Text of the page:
Editor’s Note: This is the eighth in a series of profiles on the candidates running for D.C. mayor in 2014. Click here to read all the profiles.
Born in Panama, Carlos Allen spent most of his childhood in Georgia. At age 20, he moved to D.C. in 1990 to be close to his father, a veteran who was getting treatment at Walter Reed.
Allen has never held public office, though he did get nationwide attention in 2009 after the Secret Service said he crashed a state dinner at the White House. He denies that claim and says he had an invite and left on his own accord.
A property manager in Mount Pleasant, Allen is also an aspiring musician. He rapped on his own campaign song, “In DC,” a takeoff of Jay-Z and Alicia Keys’ 2009 hit “Empire State of Mind.”
In a recent interview with WNEW D.C. Bureau Chief Matt DelSignore, Allen outlined his positions on several issues.
Allen is concerned about what he perceives as unequal distribution of resources in D.C.’s public schools. He also has reservations about the way charter schools pick students for enrollment.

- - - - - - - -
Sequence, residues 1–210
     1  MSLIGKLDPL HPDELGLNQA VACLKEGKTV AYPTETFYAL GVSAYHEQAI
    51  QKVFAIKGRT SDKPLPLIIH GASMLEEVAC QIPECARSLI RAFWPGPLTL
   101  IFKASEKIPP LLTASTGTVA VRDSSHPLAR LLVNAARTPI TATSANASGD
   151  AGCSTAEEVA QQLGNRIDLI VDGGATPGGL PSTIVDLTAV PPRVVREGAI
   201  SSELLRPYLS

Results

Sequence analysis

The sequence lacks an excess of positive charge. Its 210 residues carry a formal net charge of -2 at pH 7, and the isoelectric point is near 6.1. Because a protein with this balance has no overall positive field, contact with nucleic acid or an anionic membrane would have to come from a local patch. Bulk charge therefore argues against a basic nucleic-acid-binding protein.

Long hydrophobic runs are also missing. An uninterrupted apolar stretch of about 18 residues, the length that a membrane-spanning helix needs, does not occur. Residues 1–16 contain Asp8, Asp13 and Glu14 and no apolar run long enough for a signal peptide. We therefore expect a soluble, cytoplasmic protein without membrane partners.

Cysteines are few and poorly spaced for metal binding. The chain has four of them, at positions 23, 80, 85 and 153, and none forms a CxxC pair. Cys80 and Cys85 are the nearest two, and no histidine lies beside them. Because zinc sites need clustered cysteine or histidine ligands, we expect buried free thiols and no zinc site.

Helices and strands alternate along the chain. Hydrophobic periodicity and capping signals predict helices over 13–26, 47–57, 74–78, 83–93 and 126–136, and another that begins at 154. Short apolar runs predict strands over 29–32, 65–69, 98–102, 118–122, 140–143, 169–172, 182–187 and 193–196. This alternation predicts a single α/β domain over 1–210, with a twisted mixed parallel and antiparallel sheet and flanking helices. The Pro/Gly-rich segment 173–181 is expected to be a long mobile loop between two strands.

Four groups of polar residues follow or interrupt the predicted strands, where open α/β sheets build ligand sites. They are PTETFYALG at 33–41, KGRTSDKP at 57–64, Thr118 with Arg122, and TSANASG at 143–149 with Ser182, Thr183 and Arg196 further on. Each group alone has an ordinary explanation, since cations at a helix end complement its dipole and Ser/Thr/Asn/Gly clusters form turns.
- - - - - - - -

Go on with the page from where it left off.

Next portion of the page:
RFK AND AFFORDABLE HOUSING
Asked about his vision for the RFK Stadium site, Allen states that the federal government should turn it over to the District before transitioning into his plan to expand the availability of affordable housing.
DC UNITED STADIUM
Should “prime real estate” like the Reeves Center be swapped for land at Buzzard Point to build a new stadium for D.C. United? Allen ponders putting the property on the open market, instead.
FIRE AND POLICE
According to Allen, morale among the rank-and-file has “gone down the drain” under Fire and EMS Chief Ken Ellerbe. He offers more positive feedback about MPD Chief Cathy Lanier. Allen thinks all officers should have cameras in their badges recording everything that happens in order to “bring the truth to the courtroom.”
Allen has come in at the bottom of every poll so far. He generated the most headlines back in 2009, when the Secret Service says he crashed a state dinner at the White House. Allen maintains he was invited and left on his own. Despite difficulty gaining traction, Allen insists he’s a serious candidate: “I’m all about you and I’m here to help.”